(RTTNews) - European oil giant Royal Dutch Shell Plc. (RDS-A, RDSA.L, RDSB.L, RDS-B) is exploring the possibility of building a plant in Louisiana that will convert natural gas into diesel fuel, the Wall Street Journal reported Wednesday, citing people familiar with the matter.
The plant, which would cost more than $10 billion, would reportedly be similar in size to Shell's Pearl gas-to-liquids or GTL facility in the Qatar. The Pearl facility turns natural gas into enough diesel to fill more than 160,000 cars per day.
According to the WSJ report, Shell initially considered locating the facility in Texas and Louisiana, but opted for the latter as the state offered better incentives. Shell may, however, take up to two years to develop construction and engineering plans to see if the project is economically viable.
The boom in natural gas production from shale formations in North America has resulted in lower natural gas prices even as oil prices are rising. This has prompted energy companies to look at turning natural gas into liquid fuels that is seen as financially appealing.
The technology to convert natural gas into a diesel fuel was developed in Germany during World War II. But the high costs of building GTL plants generally have prevented the technology from being commercially viable.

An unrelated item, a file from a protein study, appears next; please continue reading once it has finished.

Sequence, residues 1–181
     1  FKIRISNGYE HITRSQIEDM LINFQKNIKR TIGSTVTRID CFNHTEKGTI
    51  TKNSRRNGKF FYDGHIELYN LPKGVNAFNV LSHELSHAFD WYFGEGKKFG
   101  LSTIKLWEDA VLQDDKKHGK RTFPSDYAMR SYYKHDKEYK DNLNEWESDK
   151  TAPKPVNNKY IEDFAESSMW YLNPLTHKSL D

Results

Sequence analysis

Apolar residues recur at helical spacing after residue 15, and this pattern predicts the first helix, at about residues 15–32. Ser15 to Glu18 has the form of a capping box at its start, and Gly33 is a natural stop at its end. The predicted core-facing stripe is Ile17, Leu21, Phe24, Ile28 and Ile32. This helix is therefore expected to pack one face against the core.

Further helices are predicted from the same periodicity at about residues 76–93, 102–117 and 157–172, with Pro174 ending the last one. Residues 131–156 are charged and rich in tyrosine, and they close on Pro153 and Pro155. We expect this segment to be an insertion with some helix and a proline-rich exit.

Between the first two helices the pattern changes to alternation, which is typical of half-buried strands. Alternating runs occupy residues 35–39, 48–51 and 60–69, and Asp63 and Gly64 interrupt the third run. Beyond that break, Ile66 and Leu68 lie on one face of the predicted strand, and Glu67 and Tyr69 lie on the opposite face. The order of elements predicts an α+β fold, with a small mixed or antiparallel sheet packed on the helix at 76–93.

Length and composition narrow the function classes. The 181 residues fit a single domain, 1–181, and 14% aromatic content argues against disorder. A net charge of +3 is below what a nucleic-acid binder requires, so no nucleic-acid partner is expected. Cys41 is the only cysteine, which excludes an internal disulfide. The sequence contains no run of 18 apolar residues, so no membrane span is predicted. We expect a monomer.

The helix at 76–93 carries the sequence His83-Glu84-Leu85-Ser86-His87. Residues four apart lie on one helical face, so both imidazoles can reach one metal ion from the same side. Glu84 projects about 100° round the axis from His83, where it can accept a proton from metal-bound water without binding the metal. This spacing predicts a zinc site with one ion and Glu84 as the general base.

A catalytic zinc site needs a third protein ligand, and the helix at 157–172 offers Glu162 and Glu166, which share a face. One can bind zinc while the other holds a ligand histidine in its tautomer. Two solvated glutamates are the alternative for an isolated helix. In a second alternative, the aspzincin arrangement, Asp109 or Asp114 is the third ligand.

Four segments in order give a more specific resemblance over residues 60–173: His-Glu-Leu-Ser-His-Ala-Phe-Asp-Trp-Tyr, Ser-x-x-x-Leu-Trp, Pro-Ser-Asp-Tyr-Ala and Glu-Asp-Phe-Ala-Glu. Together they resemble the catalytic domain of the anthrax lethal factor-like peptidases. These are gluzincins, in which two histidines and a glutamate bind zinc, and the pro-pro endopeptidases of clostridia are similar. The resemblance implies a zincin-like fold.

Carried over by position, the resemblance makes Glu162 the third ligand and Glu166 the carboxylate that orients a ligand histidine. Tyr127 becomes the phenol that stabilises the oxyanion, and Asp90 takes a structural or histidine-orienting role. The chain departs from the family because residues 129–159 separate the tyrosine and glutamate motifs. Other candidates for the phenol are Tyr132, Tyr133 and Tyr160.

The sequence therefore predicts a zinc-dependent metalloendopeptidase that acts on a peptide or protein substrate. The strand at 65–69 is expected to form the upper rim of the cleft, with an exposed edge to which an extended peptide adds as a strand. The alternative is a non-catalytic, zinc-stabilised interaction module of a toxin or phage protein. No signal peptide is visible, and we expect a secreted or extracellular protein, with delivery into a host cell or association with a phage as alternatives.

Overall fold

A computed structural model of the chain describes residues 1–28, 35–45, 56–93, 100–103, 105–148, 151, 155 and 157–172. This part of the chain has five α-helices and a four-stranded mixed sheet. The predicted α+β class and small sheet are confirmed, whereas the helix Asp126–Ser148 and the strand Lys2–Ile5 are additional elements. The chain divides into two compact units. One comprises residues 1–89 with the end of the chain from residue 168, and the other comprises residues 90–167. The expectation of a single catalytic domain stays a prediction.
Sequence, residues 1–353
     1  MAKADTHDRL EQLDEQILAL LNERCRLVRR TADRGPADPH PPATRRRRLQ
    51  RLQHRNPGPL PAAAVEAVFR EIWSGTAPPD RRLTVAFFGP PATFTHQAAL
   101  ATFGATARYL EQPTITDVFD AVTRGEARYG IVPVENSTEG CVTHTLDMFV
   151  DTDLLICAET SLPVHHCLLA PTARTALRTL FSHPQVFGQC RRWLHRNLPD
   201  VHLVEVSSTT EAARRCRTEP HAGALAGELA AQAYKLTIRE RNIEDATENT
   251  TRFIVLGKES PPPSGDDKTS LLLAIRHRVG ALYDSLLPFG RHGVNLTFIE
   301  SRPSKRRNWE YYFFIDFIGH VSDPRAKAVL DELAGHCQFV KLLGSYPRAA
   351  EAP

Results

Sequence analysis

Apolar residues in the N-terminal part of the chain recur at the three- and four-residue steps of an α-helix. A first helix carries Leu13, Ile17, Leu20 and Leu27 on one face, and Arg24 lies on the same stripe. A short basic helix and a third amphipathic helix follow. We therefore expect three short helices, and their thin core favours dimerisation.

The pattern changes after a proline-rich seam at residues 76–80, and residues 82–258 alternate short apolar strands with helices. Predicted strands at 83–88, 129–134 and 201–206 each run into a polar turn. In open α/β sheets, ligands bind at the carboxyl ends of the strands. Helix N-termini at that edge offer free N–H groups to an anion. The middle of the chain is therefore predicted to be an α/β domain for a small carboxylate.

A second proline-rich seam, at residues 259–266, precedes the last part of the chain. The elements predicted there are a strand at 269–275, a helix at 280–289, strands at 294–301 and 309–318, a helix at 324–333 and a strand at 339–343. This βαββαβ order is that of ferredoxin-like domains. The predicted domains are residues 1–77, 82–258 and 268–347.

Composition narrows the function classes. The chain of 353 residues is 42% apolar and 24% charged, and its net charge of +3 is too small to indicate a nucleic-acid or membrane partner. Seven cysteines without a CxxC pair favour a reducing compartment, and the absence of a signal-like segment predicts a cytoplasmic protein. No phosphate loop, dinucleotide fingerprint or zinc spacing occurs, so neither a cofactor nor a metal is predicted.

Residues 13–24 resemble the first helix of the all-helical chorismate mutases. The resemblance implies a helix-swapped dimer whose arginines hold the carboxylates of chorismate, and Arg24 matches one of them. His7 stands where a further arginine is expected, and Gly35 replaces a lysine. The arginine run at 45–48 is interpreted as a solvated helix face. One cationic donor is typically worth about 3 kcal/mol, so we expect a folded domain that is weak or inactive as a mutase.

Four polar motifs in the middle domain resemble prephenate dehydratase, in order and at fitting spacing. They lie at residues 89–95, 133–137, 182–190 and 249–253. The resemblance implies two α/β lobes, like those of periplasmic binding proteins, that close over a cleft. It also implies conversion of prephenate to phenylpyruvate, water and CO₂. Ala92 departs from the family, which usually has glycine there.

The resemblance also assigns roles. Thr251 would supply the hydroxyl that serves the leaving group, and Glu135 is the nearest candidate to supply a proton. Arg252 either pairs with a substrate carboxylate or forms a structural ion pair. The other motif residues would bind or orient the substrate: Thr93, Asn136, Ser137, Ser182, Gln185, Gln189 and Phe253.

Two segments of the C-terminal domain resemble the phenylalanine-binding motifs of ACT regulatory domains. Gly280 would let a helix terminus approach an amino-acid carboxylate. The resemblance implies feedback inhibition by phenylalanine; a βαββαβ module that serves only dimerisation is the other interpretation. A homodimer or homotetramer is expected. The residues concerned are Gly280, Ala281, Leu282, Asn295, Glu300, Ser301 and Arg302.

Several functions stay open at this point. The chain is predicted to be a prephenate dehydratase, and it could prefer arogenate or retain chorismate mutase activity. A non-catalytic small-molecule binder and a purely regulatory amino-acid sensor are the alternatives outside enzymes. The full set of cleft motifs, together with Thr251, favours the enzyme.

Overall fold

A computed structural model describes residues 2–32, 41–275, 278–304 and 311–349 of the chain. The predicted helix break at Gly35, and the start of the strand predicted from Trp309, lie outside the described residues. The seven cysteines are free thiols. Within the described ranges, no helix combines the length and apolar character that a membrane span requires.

Shell built the first large-scale GTL plants in Qatar as that nation has an abundance of low-cost natural gas. Qatar has taken a strategic decision to diversify its gas production into GTL and access the lucrative global transport markets.
South Africa-based integrated energy and chemicals firm Sasol Ltd. (SSL) has a GTL joint venture with Qatar Petroleum, with a capacity of 21,400 barrels per day. The plant produces a combination of GTL diesel, GTL naphtha and LPG.
RDS-A closed Wednesday's trading at $69.06, down $0.95 or 1.36 percent on a volume of 2.11 million shares.
For comments and feedback: contact email@example.com
Copyright(c) 2012 RTTNews.com. All Rights Reserved
Copyright 2012 NoticiasFinancieras/Grupo de Diarios America. All Rights Reserved.